In German “deluge” is Sintflut (Sündfluth), which means “sin flood”—word itself binds high waters with human immorality. The long Zedler article on “Sündfluth” is mostly a response to rationalist attempts to explain the Flood in scientific terms; it’s a debate that continues to course through Creationist thought, just as it did in the 17th and 18th centuries. How could it have been physically possible for waters to cover the entire globe? In grappling with this question, the Zedler article seeks to dismantle the logic and calculations of Thomas Burnet, whose Sacred Theory of the Earth first published in London in 1681, argued that the antediluvian earth was a perfect sphere filled with of water, and the weight and violence of the floodwaters created the earth’s later topography. In response to such eloquent if far-fetched theories, the Zedler account of the flood constantly reverts to a the position that God’s power cannot always be explained or calculated. Nonetheless, the article draws on physical evidence to support its argument for the totality of the inundation—“that flood of the entire earth, that  happened 1300 years after the world was created.” Science could not be ignored, but that did not change the fact that God was all powerful and could defy physical laws, and that human sin was to blame for the world’s watery destruction regardless of the outcome of calculations of water’s density, the altitude of fossil discoveries, the sun’s evaporative power, recently collected flood myths of the Chinese and of American Indians, the volume of the seas and of the hollow earth and the height and breadth of mountain ranges, and the viability of pre-Malthusian theories about overpopulation. Indeed, what is most modern about the Zedler article is not that science most be confronted, but that its findings can be deployed to reinforce a sense of guilt for, and fear of, floods and other disasters.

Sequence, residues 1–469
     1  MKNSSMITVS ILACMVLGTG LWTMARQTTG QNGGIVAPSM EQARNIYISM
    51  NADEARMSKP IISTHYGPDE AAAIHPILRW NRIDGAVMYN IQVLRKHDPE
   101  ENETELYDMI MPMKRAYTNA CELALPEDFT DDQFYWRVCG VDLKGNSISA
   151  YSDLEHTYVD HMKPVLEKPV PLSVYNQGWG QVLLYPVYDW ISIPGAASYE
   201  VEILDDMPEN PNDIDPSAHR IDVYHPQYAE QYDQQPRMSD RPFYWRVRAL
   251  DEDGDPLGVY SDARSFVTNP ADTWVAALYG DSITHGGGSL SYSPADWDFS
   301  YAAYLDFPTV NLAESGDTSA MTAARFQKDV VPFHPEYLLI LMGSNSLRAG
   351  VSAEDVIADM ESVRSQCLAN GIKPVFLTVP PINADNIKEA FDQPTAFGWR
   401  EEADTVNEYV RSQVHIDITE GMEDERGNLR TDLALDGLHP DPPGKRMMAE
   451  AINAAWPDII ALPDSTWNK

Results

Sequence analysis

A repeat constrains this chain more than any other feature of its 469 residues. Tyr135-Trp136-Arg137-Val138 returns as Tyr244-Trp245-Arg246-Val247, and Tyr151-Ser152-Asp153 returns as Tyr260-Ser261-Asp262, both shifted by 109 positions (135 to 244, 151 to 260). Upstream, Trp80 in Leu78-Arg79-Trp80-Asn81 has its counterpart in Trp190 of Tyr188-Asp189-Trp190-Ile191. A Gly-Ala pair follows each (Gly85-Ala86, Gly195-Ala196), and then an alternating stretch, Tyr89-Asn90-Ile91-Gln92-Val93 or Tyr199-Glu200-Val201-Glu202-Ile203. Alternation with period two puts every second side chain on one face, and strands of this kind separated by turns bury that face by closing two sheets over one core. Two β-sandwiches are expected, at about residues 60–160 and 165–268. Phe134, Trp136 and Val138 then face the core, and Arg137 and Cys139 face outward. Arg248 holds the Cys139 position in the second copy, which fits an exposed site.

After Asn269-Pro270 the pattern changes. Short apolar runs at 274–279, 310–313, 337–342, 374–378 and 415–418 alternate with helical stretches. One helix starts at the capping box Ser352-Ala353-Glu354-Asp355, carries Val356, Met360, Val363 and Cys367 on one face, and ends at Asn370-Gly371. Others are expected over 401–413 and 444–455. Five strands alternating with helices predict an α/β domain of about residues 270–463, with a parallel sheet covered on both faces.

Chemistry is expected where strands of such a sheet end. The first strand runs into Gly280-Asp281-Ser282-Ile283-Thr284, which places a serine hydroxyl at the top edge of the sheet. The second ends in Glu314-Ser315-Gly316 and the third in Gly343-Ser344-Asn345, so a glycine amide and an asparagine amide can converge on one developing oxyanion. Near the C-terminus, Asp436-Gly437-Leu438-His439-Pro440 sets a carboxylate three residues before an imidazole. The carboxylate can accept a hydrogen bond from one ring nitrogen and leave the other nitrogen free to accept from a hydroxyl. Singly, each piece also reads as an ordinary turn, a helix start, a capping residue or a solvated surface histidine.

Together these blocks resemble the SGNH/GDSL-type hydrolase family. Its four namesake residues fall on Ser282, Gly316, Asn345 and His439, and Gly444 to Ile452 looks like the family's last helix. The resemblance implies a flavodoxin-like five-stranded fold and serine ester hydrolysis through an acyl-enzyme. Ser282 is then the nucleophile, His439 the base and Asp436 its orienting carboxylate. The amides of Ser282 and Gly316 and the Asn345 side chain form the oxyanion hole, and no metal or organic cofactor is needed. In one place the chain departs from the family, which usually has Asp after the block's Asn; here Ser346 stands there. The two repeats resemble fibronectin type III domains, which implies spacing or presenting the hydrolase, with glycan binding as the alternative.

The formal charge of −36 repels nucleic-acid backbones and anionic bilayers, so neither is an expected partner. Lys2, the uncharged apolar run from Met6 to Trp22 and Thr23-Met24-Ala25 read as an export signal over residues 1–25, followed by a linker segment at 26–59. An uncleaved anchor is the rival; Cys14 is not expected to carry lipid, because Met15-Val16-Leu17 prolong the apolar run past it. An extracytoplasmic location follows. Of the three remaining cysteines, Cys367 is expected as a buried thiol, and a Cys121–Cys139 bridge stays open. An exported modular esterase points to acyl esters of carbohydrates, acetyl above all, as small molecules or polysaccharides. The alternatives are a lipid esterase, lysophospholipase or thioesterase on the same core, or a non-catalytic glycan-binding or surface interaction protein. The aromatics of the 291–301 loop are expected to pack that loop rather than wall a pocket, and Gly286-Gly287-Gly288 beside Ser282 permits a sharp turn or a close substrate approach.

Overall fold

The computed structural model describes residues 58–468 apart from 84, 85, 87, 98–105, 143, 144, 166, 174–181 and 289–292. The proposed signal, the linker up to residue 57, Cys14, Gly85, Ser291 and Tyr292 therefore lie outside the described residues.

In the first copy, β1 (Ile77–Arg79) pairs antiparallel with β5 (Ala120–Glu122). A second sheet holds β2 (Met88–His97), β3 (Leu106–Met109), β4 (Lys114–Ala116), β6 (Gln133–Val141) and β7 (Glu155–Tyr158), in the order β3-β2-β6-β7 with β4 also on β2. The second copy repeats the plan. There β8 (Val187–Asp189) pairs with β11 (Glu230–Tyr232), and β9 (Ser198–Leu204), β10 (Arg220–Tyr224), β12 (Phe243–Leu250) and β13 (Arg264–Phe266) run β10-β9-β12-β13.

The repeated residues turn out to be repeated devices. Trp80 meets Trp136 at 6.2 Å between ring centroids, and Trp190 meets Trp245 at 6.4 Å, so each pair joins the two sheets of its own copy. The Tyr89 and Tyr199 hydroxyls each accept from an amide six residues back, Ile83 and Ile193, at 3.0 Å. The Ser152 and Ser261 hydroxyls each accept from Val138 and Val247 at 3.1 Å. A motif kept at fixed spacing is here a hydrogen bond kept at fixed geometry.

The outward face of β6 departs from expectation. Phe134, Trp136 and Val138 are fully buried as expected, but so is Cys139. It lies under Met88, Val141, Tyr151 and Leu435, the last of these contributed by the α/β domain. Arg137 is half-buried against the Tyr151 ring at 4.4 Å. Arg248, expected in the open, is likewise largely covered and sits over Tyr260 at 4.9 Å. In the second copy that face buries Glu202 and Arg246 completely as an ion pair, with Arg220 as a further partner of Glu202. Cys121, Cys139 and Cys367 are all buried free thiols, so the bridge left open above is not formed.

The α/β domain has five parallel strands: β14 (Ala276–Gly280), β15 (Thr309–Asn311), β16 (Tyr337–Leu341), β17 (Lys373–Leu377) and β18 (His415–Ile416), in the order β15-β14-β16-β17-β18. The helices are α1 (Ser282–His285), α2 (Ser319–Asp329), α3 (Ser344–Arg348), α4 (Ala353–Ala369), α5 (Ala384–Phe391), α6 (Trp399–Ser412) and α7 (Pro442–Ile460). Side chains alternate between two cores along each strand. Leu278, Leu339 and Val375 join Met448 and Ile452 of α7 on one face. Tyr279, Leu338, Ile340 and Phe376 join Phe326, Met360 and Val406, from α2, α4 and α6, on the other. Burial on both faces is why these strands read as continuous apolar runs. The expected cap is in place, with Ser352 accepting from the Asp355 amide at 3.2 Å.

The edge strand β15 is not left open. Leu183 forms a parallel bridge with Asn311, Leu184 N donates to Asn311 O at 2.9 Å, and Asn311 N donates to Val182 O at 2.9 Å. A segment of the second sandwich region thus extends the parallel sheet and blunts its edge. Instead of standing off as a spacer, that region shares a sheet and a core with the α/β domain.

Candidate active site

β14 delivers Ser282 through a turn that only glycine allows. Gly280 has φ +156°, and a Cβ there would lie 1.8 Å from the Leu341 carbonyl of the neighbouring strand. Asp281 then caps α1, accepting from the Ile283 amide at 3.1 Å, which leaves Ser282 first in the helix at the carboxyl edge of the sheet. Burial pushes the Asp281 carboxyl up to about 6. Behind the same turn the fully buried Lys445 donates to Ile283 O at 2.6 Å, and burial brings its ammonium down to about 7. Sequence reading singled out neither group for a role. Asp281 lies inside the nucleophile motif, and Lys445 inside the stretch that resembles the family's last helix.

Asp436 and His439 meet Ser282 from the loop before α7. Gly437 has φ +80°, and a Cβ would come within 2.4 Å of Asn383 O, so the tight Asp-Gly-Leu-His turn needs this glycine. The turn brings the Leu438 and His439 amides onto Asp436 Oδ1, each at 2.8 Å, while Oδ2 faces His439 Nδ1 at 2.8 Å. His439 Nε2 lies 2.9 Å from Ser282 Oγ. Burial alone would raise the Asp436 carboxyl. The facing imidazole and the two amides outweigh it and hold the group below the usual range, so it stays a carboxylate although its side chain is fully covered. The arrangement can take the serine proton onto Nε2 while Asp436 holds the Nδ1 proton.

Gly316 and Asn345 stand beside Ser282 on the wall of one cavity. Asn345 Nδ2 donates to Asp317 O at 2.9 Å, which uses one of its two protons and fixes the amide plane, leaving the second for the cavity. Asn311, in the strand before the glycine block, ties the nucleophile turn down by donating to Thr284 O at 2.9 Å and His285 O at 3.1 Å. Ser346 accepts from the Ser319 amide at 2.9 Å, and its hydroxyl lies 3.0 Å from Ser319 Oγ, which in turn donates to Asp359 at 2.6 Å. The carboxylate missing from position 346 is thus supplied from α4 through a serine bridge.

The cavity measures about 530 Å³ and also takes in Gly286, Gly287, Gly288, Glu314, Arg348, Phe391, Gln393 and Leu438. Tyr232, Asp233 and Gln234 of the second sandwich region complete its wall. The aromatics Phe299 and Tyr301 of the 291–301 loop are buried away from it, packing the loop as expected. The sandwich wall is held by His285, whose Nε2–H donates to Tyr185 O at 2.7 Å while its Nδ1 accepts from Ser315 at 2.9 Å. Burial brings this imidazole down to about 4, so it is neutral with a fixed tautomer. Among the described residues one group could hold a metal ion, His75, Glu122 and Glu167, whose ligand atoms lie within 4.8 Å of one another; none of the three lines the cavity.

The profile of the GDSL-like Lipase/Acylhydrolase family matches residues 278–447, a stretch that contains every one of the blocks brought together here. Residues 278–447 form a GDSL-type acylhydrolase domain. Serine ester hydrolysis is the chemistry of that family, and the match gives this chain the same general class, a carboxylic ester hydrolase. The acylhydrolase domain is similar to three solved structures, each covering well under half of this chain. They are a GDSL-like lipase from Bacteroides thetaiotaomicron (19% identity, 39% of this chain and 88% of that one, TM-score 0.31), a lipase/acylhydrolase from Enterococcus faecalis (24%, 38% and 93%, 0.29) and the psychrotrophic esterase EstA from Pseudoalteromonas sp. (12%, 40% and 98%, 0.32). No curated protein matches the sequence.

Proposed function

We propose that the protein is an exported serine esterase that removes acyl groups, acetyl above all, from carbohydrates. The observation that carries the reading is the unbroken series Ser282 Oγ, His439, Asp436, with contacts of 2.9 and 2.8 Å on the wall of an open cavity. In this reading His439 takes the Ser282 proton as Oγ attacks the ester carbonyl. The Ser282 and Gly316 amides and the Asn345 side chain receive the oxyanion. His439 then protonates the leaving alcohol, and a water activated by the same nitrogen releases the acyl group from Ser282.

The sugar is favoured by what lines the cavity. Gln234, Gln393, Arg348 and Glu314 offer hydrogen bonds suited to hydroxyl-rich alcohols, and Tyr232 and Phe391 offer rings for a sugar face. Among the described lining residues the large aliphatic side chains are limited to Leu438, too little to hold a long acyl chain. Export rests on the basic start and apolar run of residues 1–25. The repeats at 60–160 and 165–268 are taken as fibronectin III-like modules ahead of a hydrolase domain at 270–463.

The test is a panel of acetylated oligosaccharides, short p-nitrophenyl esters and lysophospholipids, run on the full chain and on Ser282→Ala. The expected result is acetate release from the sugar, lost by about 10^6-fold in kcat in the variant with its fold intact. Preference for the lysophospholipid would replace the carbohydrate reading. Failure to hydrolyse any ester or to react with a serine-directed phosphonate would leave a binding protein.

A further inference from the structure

Bach was born some seventy years after the Great Thuringian Flood of 1613, which rose catastrophically above the gates of the city of Weimar. The aftermath of the disaster let loose a deluge of angry sermons blaming faithfulness and sin as the cause of the ceaseless rains and rampant waters. This natural disaster of the 17th-century was still discussed in print and its horrors invoked as a warning up through Bach’s lifetime.

Whereas preachers were expert at the vivid language of fear—torrents ripping children from their mother’s grasp, churches and houses going under, scores of helpless people drowning— composers writing for the church had also to be adept at dramatizing the destruction and death that the elements could visit on humankind when directed to do so by God. Bach’s contemporary Handel, and many other opera composers, almost all of whom also wrote sacred music, were skilled at disaster music.  The earthquake near the beginning of Messiah, with the thunderous bass voice of the Lord shaking the “heavens and the earth,” and the blast from the godly nostrils that sent the raging Red Sea over the enemy in Israel in Egypt are just two of many examples of Handel’s musical representations of natural destruction.